Lifestyle

A little TLC for indoor plants

If you want to introduce some fresh life to your home by adding new tropicals, there are some very low-light tolerant and resilient plants.  - Submitted
If you want to introduce some fresh life to your home by adding new tropicals, there are some very low-light tolerant and resilient plants.
— image credit: Submitted

This is one of the worst times of the year for our indoor plants due to the extra warmth from heaters and fireplaces and the low humidity inside our homes.  The short daylight hours do not help either.  Things get better as we inch along with increasing daylight, however, there are a number of important things we can do to get our plants back in shape.

One of the most important, yet often overlooked, ways of helping our plants is to change the air inside our homes.  Open those doors and windows, even for a short while, to get some fresh air inside!  A fresh supply of air is essential for plants, especially at this time of year.  Even on the coldest days of winter, we always open the air vents of our greenhouses during the warmest part of the day to allow an exchange of air.  The movement of air is also critical to prevent mildew and other fungal diseases.  Many folks simply switch on the summer fan in their furnace, but a small circulatory fan can do the job nicely.  With both fresh air and air movement, you too will find the atmosphere in your home feels better.

It is also time to give your plants a good shower.  Any dust that has collected on them creates an ideal breeding ground for pests. Washing it off with a soft, warm shower is one of the best things you can do to promote their health.  Do not get the soil saturated, just wash the foliage.  (This only applies to smooth leafed plants, not to violets and other flowering plants.)  Your plants will be clean and fresh, and the moisture will discourage spider mites.  It might also be a good idea, once the plants are all in the shower, to spray them with a safe, organic pesticide, such as Safer’s soap products.  Preventative organic programs, when used on a regular basis, will prevent most pest problems.  They should, however, be applied with a small pressure sprayer as the spray must completely cover all parts of the plant, especially the undersides of the leaves, if it is to be effective.  Use only warm water when you spray to avoid shocking your plants.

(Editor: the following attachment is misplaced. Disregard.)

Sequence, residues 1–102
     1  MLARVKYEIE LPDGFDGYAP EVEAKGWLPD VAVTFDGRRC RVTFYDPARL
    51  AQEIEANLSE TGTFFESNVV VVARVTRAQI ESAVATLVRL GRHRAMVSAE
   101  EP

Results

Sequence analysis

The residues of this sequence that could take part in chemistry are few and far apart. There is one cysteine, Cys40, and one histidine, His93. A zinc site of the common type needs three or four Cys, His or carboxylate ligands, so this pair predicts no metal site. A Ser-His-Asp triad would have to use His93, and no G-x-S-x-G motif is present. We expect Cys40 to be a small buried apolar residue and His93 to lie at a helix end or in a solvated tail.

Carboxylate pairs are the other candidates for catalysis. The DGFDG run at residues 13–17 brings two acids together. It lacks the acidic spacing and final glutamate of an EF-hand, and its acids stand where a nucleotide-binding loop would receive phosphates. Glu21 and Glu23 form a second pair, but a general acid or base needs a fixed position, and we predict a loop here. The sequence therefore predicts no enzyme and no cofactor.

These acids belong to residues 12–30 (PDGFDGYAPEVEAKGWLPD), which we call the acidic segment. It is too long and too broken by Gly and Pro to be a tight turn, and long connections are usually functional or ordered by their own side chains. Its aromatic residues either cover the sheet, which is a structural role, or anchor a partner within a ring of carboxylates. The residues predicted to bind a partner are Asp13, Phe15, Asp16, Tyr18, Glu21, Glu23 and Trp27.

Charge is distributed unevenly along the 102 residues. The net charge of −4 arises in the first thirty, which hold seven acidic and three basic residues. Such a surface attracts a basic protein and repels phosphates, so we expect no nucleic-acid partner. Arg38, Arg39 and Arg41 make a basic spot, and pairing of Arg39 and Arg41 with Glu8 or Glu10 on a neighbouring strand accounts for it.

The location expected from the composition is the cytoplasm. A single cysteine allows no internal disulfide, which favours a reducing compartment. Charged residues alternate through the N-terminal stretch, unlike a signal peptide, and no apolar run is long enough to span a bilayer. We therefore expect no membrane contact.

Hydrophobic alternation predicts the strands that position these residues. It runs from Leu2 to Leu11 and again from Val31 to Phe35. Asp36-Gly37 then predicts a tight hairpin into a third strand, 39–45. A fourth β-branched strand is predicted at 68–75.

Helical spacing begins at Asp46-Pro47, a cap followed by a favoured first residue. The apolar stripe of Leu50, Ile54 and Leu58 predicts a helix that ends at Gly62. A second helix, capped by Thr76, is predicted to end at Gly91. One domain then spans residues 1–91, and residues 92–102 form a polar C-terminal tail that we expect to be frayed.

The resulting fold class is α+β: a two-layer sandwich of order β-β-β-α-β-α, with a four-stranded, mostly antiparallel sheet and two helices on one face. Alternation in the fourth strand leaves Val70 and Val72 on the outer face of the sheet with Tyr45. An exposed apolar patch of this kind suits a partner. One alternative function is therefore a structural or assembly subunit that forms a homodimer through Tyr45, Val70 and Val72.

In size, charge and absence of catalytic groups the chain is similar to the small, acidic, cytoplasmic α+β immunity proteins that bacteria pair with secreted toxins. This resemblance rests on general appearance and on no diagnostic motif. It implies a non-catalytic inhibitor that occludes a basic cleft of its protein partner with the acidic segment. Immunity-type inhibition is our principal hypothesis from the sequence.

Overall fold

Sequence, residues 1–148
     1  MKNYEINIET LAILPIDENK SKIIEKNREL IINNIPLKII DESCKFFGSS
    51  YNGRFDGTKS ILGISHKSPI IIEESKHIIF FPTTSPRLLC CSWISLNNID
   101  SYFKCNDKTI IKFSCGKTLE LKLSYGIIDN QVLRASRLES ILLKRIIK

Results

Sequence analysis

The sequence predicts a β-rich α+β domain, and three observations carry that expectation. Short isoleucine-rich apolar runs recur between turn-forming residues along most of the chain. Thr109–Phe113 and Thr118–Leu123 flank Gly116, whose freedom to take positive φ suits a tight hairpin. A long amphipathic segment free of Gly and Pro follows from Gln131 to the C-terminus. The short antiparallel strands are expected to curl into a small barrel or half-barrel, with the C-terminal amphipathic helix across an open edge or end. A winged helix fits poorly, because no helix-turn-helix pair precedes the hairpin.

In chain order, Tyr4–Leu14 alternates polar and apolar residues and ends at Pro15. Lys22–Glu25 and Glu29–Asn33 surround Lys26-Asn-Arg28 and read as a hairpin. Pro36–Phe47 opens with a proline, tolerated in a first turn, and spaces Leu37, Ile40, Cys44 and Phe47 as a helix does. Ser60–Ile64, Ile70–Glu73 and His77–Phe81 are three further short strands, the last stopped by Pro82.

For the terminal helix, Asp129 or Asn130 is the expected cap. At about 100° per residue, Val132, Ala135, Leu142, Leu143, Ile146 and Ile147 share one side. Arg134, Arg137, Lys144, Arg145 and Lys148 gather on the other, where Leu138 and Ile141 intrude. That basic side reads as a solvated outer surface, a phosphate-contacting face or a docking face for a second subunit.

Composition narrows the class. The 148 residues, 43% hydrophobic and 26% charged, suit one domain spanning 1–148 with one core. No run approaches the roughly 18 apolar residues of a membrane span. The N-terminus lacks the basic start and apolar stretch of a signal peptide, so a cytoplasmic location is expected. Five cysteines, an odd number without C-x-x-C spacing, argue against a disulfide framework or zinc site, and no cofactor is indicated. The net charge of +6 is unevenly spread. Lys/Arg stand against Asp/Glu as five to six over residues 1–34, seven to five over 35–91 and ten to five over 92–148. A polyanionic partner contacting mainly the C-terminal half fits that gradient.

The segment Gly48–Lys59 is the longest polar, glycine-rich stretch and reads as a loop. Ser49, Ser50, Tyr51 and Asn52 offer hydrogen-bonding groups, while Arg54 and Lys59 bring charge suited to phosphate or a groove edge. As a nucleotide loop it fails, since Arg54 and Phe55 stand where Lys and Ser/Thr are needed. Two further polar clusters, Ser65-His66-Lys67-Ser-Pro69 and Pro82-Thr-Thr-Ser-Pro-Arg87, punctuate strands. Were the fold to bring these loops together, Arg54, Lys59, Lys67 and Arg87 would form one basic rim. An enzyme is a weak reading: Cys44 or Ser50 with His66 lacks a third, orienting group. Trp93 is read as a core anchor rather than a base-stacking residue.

When you put your plants back in their traditional location, be sure to rotate them regularly so all sides of the plant receive light.  At this time of year, it might be wise to keep them close to east or north windows, or at least open the curtains wide to brighten your rooms.  Extra lighting for 16 hours a day from Power Smart fixtures will also promote more vegetative growth on many plants.

Proper watering is the most critical factor for the survival of all your plants.  The only true way of telling if a plant needs water is by lifting the pot and feeling its weight.  If the pot feels light, the plant needs water; if it feels heavy, do not water.  At this time of year, you may only need to water two or three times per month, but when you do, really soak your plants thoroughly with warm water, then let them dry out.  This only applies to rootbound plants.  If your plants are not rootbound, downsize!

I’m surprised so many folks are wanting to transplant their indoor plants to larger pots at this time of year – don’t!  Plants love to be rootbound in a smaller container, so no repotting should be done until at least mid-April when the growing cycle returns.

Plants that are under severe stress should be covered loosely with a clear, lightweight poly bag to create a micro-climate.  Placing three or four bamboo stakes in the pot will help keep the poly off the leaves.  Mist the plant frequently to increase humidity.  You will be surprised to see how this treatment will improve the condition of your plants.  This is especially true for citrus.

This is one of the most difficult times of the year for our indoor plants, and they do require some help. Please give them the attention they need now to get them through the rest of winter so that come spring, they will bounce back with full, lush, healthy growth.

If you want to introduce some fresh life to your home by adding new tropicals, there are some very low-light tolerant and resilient plants.  The entire dracaena family, especially the dragon plant (Dracaena marginata), is tops.  Philodendrons, from the low spreading P. selloum and the staked and narrow pothos to the many new and colourful lime and burgundy varieties, are attractive and easy.  The peace lily, with its elegant white flowers, the spiky sansevieria and the beautifully coloured foliage of ctenanthe are also amazing.

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